only be placed through offshore

sites at the moment but the

opposition and anti-gambling

campaigner Nick Xenephon are

warning that oppose any bills

to loosen control. If it goes

ahead every computer is a

casino, every smart phone is a

poker game and that's just not

on as far as the Coalition is

concerned and that's why I'm

happy to be here shoulder to

shoulder with Nick Xenephon. The Government is

playing down any changes. It

says many Abbott is merely thee

rising about a draft

report. Hot on the heels on a

deal to fly in foreign workers the hospitality industry says

it wants to do the same thing.

While demand for food and beverage service is rising the

industry says the work force is

drying up thanks to low unemployment rates and other

competitive sectors. It's hard

work keeping up with

Australia's love affair with

food and it's not getting any

easier because it seems people

just don't want the jobs. We've

got a huge shortages. We've got

them from coast to coast and we

have no end in sight. The industry says it needs more

than 3,000 workers now and it

wants to bring them in from overseas. Australians just

won't work those sort of jobs

and they're certainly not

interested in 7-day-a-week

industries like

ours. Hospitality employs 10%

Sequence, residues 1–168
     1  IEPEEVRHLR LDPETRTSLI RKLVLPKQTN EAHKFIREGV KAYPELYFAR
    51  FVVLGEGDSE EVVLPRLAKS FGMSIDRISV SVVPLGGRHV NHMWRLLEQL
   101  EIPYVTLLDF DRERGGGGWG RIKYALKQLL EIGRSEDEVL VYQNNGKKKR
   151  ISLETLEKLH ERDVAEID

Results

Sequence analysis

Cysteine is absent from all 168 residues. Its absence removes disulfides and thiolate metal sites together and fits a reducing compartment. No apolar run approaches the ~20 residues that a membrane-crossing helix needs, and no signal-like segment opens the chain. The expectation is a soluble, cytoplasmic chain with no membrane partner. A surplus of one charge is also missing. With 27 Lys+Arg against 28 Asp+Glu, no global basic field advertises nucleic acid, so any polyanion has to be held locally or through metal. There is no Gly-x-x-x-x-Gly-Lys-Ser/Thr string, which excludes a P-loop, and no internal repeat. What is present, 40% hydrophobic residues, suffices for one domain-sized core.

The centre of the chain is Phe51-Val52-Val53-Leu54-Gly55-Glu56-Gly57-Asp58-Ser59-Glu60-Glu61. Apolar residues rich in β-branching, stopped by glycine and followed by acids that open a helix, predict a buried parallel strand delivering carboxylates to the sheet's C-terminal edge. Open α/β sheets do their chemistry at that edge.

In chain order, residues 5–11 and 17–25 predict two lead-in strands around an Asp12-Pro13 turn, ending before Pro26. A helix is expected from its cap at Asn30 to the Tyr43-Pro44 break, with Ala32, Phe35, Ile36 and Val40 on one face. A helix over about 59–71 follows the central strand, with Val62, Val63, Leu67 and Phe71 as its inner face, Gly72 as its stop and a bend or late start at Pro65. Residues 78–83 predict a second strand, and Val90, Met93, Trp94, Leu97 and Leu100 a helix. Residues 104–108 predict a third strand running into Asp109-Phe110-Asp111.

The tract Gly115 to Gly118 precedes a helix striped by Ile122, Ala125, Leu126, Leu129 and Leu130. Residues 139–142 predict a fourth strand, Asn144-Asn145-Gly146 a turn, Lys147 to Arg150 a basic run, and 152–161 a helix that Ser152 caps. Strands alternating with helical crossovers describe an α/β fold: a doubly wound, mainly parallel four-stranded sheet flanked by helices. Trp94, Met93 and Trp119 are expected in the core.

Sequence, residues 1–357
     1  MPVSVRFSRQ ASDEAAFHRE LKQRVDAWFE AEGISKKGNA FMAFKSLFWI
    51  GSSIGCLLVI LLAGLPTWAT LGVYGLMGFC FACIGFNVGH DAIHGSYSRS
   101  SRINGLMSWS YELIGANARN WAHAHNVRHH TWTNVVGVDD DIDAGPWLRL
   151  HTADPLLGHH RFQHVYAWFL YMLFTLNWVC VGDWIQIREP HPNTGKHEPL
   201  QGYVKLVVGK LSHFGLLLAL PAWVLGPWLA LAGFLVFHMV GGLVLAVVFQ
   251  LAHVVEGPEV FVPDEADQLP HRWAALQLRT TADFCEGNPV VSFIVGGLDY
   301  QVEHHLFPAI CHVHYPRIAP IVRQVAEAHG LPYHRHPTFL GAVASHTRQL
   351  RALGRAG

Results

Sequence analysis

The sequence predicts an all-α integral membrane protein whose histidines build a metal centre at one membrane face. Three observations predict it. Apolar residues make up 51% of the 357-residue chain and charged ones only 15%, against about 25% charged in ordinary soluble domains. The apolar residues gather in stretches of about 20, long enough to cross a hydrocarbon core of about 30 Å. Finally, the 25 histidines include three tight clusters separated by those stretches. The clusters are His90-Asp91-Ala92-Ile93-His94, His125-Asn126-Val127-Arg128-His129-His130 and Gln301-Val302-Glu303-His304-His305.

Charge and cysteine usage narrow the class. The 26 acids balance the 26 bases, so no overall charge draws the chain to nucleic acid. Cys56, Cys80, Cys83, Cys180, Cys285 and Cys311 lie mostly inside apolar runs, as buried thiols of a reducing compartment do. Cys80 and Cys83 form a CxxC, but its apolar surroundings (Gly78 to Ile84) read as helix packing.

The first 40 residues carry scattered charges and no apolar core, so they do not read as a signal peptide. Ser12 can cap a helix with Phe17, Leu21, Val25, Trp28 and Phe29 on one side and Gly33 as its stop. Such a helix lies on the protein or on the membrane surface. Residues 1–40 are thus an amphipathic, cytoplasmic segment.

of the work force, the mining

industry employs 2% on much

higher salaries. With the

mining boom there's a big drain

on industries such as

our. Under a new enterprise

migration agreement 1,700

foreign workers will get jobs

at Gina Rinehart's Roy Hill

project. That sparked debate

among unionists who say

Australians will miss out.

Employment experts say that's

alarmist. Migration is often an emotional response and

sometimes the way the economy

works gets lost in the drama of

the argument. Immigration

Department figures show the

biggest demand for migrant

workers is in construction and

health care with the majority

of temporary skilled visas

given to English speaking

professionals and managers. The

hospitality industry has been

negotiating a labour agreement

with the Government for 5

years. So yes, we're jealous,

we want to see the same applied

to an industry in demand like

ours as we see to the mining

industry. Operators say the